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Surveillance Methods
The key to counterespionage is keeping tabs on suspicious behavior or people. This includes not only noting who enters the country, but also monitoring the activities and communications of those living in the U.S. who may be planning a strike. Spying in the service of counterterrorism is focused primarily on surveillance.

The Gs: Low-Key Success
Despite the association of spying with high-tech gadgetry, one of the most effective surveillance weapons used by the FBI is nondescript personnel known officially as "special surveillance groups." Called "the Gs" in bureau lingo, these elite operatives dress down to blend in as students, street people, maintenance workers, and the rest of the population. They shadow the movements of people under suspicion, noting where they go and whom they meet without raising suspicion themselves. The Gs document a suspect's activities, especially those out of the ordinary. Do they, for example, appear overly interested in a particular bridge or building? This vital information can then be circulated to other intelligence agencies.

The Gs demonstrated their effectiveness dramatically in 1999 when a few of them, purely by chance, spotted a man they recognized as a Russian agent lingering in his car outside the U.S. State Department building in Washington. (The Gs memorize the faces of prominent foreign agents). They began shadowing the man, Stanislav Gusev, and noticed that several times a week he parked in the exact same spot, settled in the same bench, and fiddled with something in his pocket. Eventually they discovered Gusev was receiving transmissions from a bug planted inside the State Building. The bug was found and Gusev was forced to leave the country.

Intelligence agencies can monitor communications of suspected terrorists or those supporting them in a number of ways: wiretaps on phones, bugs placed inside rooms or in cars, or longer-range listening devices that can pick up outdoor conversations. Sophisticated technology also allows agents to monitor computer activity without detection, reading e-mails and tracking Web site visits. With a court order, an FBI surveillance system called Carnivore -- later given the alternate name "DCS1000" -- can be installed on the networks of Internet providers and intercept all communications and records sent to or from the target of an investigation. (The Carnivore name supposedly stems from its ability to find the "meat" in large amounts of data -- the target's communications -- while ignoring other Internet traffic.)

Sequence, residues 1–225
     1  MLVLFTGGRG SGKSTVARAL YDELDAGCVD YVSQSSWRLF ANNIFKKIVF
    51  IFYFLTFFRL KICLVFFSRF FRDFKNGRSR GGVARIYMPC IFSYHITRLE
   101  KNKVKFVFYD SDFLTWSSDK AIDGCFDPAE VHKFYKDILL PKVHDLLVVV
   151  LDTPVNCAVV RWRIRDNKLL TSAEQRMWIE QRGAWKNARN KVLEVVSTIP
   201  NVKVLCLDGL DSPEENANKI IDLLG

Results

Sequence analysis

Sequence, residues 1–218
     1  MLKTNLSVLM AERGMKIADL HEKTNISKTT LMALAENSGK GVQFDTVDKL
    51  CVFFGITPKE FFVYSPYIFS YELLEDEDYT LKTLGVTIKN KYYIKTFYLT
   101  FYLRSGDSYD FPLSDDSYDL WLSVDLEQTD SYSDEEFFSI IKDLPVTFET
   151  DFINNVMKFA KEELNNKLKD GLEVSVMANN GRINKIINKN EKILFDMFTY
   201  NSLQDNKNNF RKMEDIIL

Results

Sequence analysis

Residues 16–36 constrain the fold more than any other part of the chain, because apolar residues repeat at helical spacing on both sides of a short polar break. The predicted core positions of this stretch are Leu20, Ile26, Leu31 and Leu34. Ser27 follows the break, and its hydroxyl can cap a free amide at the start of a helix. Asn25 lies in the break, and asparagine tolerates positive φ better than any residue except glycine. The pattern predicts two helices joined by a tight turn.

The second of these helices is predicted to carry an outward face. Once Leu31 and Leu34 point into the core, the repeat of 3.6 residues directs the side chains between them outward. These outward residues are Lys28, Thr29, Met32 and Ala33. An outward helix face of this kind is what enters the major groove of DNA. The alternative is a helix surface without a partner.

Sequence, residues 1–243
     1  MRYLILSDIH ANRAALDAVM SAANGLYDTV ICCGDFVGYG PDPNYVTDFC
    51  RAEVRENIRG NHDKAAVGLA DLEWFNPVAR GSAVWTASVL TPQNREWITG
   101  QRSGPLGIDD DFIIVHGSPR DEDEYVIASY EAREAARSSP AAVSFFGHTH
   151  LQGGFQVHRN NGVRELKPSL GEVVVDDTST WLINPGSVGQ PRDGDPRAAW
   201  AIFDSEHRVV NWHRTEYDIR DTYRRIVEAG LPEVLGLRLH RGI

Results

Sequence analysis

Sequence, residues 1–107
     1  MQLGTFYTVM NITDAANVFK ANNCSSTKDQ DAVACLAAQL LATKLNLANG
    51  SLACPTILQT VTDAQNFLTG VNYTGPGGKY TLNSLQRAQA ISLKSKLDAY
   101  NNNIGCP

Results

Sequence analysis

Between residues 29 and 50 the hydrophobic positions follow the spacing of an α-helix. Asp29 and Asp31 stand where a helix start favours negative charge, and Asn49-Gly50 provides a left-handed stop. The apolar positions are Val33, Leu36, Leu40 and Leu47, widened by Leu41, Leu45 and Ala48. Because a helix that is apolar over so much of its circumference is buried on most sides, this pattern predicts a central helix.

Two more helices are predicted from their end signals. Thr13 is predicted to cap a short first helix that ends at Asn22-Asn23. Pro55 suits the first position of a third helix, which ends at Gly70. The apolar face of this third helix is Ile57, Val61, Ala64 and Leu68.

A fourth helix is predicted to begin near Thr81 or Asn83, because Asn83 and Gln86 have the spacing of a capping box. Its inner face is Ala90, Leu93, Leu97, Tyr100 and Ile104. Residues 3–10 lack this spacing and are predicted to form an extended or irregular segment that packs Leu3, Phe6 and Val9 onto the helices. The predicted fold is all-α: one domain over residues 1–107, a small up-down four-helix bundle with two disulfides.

Getting a court order for Internet surveillance generally follows guidelines used for installing wiretaps. The order specifies the suspect under investigation, the exact e-mail address or Internet provider address to be tapped, the crime being investigated, and the exact equipment to be tapped. Most of these orders allow the FBI to record only information about e-mail addresses, servers, and files without recording actual content. Using Carnivore to record content can happen only when investigating certain felonies, including terrorism, drug trafficking, and kidnapping. Court orders for content wiretaps can only be issued by a federal district judge and can only be issued to FBI agents.

All of this monitoring is useless, however, without qualified people to interpret the information it generates. What is being said or written in these communications? In many cases, the people under suspicion are not communicating in English or even in standard dialects taught in universities or used in official speech. Agents looking for meaning in these communications must be able to pick up on slang, idioms, and cultural references. The intelligence agencies admit they are woefully undermanned in this area. The FBI, for instance, has been searching for more agents who are proficient in Arabic -- as of 2003, there were still fewer than 21.

Biometrics is a technology used to analyze and quantify a person's physical features. The objective is to identify and intercept people of suspicion before they enter the country to activate local cells, or catch them as they try to enter targets such as large buildings or nuclear power plants. A notable biometrics effort was launched in January 2004, when the U.S. implemented US-VISIT, which requires foreign visitors to be electronically fingerprinted and photographed when they enter the country.

Retinal scans, once used only at high-security locations, are becoming more common. The Japanese already use them at ATM machines, and a handful of institutions in the U.S. are testing their usefulness. The scans are very accurate, with almost a zero percent false rate, but the scanners are expensive and require perfect alignment with the eye. (As well as a scan of the person's retina on record -- very problematic for tracking suspected terrorists). Moreover, the retinal vein pattern also changes as a person ages.

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